Publication Detail

City Adoption of Environmentally Sustainable Policies in California's Central Valley

UCD-ITS-RP-11-108

Reprint

Available online at: DOI: 10.1080/01944360902952295

Suggested Citation:
Handy, Susan L., Richard Feiock, Mark Lubell (2011) City Adoption of Environmentally Sustainable Policies in California's Central Valley. Journal of the American Planning Association 75 (3), 293 - 308

Problem: Sustainability remains “the current object of planning's fascination,” as Campbell described it in 1996, but it is unclear what causes local governments to adopt environmentally sustainable policies and whether they are effective once adopted.

Purpose: The goal of this article is to explain why communities adopt environmentally sustainable policies.

Methods: We develop an environmental policy sustainability index for 100 incorporated cities in California's Central Valley using a combination of survey and archival data. We then use regression and cluster analyses to test which independent variables expressing three theoretical perspectives (Tiebout's public goods development model, Peterson's fiscal capacity model, and Logan and Molotch's interest group/growth machine model) are best at explaining this index.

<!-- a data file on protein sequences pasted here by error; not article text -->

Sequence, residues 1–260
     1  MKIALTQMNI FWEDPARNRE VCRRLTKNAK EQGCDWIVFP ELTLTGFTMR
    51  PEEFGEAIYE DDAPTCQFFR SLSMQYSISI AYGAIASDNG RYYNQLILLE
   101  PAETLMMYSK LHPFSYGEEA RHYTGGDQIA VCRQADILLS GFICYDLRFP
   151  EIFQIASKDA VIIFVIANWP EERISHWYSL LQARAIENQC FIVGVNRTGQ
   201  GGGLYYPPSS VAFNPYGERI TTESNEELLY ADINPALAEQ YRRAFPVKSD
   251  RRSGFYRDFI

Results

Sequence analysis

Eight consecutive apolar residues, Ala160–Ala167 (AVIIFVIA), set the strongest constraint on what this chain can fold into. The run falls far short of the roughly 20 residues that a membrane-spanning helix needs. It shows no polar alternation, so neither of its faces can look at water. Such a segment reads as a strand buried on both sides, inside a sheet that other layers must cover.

Results and conclusions: The results suggest that sustainable policies are more likely to occur in cities with better fiscal health and whose residents are of higher socioeconomic status. These findings raise important questions about the relationship between developed and developing cities that were not raised in previous studies, which focused only on major metropolitan areas in the United States.

Takeaway for practice: Our results suggest that small, less-developed cities will need substantial technical, financial, and planning assistance to move toward greater sustainability. Many medium-sized, more developed cities may also need technical assistance, but are otherwise capable of becoming more environmentally sustainable. Any new policies should not discourage the largest cities from continuing to pursue their current sustainability activities, but should pass the lessons they have learned along to smaller cities to help them change to more sustainable development trajectories.